The servicemen of Pearl Harbor's naval base were taking some much-needed R&R between early-morning repairs inside Hangar 37 when suddenly they heard a buzzing overhead. With the humming of their own planes and battleships periodically filling the air, this rapidly approaching sound wasn't foreign to their ears, but this instance proved to be drastically different. Thunderous explosions soon overtook Pearl Harbor and the USS Arizona struggled to stay afloat as the Imperial Japanese Navy delivered a surprise military strike, which resulted in one of the most devastating attacks on American soil. With a mission to preserve the history of this tragic event, Pacific Aviation Museum Pearl Harbor opened that very same hangar to the public, hundreds of feet from where ships burned and men courageously fought more than 70 years ago.
Hangar 37's 42,000-square-foot space currently houses many of the museum's artifacts, which include a World War II?era B-25B bomber, Japanese Zero, and naval planes such as the SBD Dauntless. Also open to the public, Hangar 79 displays the actual bullet holes that pierced its windows during the attack, while an authentic WWII maintenance shop contains an exhibit that explains how planes ran on Lucky Strike cigarette materials. Visitors can experience the museum's ever-evolving collection of exhibits??which has included segments dedicated to the Korean War's MiG Alley and the Flying Tigers??through guided tours in both hangars and submerse themselves in the virtual world of the museum's combat flight simulator.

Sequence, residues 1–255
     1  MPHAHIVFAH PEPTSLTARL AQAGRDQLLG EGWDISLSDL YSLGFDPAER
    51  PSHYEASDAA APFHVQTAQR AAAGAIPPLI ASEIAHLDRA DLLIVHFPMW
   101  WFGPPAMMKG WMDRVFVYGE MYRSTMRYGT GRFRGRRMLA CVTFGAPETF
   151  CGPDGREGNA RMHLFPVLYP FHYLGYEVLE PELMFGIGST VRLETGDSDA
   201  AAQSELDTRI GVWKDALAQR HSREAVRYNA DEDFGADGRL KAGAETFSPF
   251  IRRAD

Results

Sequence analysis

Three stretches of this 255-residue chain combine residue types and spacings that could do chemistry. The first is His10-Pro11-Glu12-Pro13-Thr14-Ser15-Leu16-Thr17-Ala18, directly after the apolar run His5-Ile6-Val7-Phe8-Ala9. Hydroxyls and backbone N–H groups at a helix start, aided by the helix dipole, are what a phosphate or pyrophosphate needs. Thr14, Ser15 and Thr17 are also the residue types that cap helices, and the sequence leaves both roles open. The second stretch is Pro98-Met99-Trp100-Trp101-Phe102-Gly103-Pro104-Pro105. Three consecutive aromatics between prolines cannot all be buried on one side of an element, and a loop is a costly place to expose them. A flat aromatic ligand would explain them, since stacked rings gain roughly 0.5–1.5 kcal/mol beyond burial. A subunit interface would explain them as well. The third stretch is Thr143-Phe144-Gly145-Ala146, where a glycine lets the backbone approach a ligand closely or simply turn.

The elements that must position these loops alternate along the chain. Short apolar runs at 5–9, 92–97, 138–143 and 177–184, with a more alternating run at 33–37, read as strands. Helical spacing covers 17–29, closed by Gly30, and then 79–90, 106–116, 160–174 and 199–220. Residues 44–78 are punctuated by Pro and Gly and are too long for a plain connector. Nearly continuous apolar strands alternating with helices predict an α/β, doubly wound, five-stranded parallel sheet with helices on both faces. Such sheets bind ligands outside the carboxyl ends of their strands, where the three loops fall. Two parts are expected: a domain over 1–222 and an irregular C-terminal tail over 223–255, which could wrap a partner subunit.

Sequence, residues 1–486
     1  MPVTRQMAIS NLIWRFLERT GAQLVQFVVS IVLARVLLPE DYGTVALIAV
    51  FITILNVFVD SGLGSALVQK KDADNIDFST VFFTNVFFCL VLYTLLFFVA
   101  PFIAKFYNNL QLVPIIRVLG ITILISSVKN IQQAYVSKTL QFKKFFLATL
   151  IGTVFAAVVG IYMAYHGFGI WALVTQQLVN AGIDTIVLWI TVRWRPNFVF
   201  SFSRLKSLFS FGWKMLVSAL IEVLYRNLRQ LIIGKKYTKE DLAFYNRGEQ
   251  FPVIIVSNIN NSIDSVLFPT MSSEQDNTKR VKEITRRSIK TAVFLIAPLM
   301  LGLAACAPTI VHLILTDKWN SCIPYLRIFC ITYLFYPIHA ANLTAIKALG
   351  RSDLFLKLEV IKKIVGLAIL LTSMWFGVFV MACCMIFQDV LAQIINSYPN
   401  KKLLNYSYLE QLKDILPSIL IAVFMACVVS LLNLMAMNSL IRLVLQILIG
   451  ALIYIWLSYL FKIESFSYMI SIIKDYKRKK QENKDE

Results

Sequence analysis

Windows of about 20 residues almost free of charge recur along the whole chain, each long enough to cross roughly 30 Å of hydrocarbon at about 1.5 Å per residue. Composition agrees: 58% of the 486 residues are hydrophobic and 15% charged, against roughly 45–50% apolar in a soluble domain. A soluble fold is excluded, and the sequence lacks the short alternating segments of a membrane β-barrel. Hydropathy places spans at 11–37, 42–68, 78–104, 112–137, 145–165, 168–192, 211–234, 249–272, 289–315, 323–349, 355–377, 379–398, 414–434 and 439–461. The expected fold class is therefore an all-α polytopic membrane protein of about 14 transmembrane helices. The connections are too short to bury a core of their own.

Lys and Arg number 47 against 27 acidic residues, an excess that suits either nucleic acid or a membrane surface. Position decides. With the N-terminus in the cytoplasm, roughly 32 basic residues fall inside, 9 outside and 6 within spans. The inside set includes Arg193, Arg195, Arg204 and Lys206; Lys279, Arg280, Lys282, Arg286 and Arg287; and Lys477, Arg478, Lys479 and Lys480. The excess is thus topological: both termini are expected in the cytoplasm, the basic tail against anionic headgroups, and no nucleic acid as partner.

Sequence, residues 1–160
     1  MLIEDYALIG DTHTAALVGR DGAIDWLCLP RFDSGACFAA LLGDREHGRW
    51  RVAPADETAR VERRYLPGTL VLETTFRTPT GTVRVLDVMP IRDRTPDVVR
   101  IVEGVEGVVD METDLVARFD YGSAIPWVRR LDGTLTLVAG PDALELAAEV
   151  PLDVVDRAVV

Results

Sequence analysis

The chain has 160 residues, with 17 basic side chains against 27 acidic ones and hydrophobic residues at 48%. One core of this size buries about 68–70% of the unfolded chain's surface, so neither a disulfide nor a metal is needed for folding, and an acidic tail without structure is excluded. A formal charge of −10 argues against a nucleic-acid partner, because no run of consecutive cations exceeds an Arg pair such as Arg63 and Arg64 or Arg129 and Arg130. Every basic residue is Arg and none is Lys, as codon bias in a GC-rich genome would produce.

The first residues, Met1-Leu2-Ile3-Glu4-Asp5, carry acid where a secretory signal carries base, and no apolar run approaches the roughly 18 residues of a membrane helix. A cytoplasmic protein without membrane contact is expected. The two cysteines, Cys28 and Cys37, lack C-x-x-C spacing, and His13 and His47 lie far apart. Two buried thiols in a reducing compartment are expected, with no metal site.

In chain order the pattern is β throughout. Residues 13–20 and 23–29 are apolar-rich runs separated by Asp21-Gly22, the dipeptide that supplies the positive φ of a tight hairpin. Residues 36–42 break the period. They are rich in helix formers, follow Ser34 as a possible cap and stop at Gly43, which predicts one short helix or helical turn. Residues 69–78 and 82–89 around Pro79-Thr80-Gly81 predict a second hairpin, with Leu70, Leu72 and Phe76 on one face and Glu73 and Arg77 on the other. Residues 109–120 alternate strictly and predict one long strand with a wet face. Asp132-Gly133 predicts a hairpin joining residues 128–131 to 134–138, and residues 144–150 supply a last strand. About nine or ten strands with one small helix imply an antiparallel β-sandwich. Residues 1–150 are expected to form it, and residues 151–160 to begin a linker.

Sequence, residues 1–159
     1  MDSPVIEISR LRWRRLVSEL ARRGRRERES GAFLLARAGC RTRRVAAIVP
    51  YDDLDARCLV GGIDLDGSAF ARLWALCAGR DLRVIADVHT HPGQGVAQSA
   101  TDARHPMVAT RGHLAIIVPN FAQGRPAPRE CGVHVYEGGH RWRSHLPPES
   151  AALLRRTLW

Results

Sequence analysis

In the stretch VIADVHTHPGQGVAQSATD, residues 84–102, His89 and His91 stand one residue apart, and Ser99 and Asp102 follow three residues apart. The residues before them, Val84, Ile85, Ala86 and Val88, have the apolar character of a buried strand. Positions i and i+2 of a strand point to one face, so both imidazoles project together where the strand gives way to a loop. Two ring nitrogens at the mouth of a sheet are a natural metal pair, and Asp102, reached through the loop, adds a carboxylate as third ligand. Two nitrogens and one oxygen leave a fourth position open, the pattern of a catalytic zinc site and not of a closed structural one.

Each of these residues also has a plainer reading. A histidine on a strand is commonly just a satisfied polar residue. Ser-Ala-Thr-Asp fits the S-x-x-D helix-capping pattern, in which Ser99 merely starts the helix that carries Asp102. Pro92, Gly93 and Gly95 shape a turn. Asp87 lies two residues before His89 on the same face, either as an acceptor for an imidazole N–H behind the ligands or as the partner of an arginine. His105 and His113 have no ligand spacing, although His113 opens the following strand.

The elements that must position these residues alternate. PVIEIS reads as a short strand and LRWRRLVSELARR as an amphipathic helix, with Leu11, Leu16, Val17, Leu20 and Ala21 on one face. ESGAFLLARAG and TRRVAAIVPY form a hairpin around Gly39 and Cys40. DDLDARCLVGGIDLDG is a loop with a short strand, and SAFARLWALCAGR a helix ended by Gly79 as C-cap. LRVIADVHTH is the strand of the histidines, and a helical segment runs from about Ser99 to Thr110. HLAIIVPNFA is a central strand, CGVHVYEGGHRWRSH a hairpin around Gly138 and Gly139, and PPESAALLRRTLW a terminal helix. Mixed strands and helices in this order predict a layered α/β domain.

One hundred feet beneath the surface of Maunalua Bay, the Corsair⎯a World War II airplane—rests on a sandy floor. Its massive shell and magnetism for schools of soldier fish lures deep-sea explorers to the site every year. As divers propel themselves alongside the plane's wing and fuselage, they get an up-close look at the wreck's current residents, which range from colorful goatfish to reclusive moray eels.
With more than 30 years of experience, the scuba instructors at Waikiki Diving Center lead daily dives for certified divers to submerged sites such as the Cosair wreck. Earning a five-star Instructor Development Center designation from the Professional Association of Diving Instructors, the center's team coordinates parties of 12–14 people and takes them out on one of two customized dive boats—The Submariner or Snoopy V—for adventures ranging from snuggling sea turtles to earning PADI open-water certifications. To enhance visitors' experiences, Waikiki Diving Center's crew arranges complimentary shuttle service to and from Waikiki hotels.